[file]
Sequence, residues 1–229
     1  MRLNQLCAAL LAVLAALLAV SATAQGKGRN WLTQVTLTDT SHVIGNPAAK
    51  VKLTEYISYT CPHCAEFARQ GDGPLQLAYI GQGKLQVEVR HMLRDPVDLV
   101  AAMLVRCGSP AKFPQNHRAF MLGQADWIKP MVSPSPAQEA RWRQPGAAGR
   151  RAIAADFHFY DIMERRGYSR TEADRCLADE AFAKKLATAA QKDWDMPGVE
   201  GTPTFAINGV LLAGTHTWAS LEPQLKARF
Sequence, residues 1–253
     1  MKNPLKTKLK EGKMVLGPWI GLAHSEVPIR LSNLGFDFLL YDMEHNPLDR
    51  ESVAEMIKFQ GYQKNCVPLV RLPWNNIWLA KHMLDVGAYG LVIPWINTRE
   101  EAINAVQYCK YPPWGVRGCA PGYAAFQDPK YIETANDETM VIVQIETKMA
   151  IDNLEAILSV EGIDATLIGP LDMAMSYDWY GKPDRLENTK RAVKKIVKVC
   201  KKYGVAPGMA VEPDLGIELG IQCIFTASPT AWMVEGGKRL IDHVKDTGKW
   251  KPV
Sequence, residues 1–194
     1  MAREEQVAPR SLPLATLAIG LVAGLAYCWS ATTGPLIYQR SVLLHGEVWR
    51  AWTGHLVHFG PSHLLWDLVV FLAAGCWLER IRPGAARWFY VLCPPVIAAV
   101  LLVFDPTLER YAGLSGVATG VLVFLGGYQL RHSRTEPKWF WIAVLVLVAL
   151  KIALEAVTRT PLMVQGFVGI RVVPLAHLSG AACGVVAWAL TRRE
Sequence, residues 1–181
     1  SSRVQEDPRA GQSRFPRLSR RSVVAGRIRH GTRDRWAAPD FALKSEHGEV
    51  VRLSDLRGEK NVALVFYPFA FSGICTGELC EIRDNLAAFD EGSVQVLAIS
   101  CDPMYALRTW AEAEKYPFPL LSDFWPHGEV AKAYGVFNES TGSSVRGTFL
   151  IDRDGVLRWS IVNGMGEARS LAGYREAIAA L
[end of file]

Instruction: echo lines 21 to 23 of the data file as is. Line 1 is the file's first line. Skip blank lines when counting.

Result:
    51  VRLSDLRGEK NVALVFYPFA FSGICTGELC EIRDNLAAFD EGSVQVLAIS
   101  CDPMYALRTW AEAEKYPFPL LSDFWPHGEV AKAYGVFNES TGSSVRGTFL
   151  IDRDGVLRWS IVNGMGEARS LAGYREAIAA L